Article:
“In the 1950s kids lost their innocence.
“They were liberated from their parents by well-paying jobs, cars, and lyrics in music that gave rise to a new term —the generation gap.
“In the 1960s, kids lost their authority.
“It was a decade of protest—church, state, and parents were all called into question and found wanting. Their authority was rejected, yet nothing ever replaced it.
“In the 1970s, kids lost their love. It was the decade of me-ism dominated by hyphenated words beginning with self. Continue reading “Injecting Meaning into Life”
“My uncle says his grandfather remembered when children didn’t kill each other. But that was a long time ago when they had things different. They believed in responsibility my uncle says.” Ray Bradbury, Fahrenheit 451.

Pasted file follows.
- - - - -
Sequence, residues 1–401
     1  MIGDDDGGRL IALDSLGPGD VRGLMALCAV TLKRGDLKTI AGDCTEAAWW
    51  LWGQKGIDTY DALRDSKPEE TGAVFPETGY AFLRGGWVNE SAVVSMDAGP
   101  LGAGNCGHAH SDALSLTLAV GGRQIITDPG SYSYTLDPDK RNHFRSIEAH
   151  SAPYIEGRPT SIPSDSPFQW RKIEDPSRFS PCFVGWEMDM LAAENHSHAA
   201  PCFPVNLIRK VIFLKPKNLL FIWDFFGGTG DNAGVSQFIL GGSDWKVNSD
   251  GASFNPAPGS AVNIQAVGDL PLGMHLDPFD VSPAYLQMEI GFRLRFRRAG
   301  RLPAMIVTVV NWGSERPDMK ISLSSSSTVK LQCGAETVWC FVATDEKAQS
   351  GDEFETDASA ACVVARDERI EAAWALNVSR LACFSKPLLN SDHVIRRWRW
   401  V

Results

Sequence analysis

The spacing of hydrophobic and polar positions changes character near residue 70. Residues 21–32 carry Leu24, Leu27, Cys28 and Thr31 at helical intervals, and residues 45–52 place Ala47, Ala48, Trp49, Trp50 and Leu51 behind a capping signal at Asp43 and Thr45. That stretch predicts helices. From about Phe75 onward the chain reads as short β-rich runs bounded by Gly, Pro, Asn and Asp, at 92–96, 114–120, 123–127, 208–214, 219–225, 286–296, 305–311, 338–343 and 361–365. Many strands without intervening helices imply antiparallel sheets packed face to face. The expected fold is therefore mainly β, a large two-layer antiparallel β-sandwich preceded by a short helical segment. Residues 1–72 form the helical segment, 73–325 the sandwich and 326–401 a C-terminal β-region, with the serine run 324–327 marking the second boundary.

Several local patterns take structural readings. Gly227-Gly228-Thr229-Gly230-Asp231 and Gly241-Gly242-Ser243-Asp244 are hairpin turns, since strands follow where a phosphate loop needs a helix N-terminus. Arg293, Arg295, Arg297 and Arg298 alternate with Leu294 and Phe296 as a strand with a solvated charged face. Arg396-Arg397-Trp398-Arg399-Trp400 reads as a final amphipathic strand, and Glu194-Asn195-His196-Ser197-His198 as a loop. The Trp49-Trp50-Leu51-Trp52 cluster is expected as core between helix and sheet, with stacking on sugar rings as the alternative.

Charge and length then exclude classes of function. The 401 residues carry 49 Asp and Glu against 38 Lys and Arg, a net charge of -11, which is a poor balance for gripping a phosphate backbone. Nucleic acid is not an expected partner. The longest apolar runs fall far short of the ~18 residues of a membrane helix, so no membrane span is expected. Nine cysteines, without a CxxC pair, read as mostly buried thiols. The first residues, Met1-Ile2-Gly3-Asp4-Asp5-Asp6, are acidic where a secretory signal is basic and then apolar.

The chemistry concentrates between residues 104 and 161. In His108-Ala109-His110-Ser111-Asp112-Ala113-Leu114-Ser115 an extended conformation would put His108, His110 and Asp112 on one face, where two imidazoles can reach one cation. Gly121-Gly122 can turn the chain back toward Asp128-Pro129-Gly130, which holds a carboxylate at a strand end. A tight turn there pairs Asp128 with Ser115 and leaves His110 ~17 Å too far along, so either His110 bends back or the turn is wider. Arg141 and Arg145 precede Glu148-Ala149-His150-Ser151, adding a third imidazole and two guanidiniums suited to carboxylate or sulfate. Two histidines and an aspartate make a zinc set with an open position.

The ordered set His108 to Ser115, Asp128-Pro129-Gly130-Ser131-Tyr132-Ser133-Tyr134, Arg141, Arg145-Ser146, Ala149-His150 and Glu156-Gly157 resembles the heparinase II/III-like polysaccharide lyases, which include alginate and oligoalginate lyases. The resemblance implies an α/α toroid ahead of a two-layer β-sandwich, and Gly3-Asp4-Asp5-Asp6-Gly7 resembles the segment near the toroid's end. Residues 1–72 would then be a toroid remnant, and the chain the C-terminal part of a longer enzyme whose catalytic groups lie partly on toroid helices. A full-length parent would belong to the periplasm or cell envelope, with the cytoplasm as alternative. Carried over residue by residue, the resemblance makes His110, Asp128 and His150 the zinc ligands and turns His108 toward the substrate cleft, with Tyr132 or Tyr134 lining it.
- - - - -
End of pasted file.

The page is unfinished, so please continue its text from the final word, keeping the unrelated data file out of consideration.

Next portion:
My copy of Voice of the Martyrs arrived the other day. The magazine features stories of people who are persecuted because of their Christian faith. This month’s cover photo was of a woman standing in front of a refugee tent. When we think of Christian martyrs, that’s how we imagine them. They are people in far off lands, as if they were from a different time, even from some other planet. Continue reading “BLOGPOST: American Martyrs on American Soil”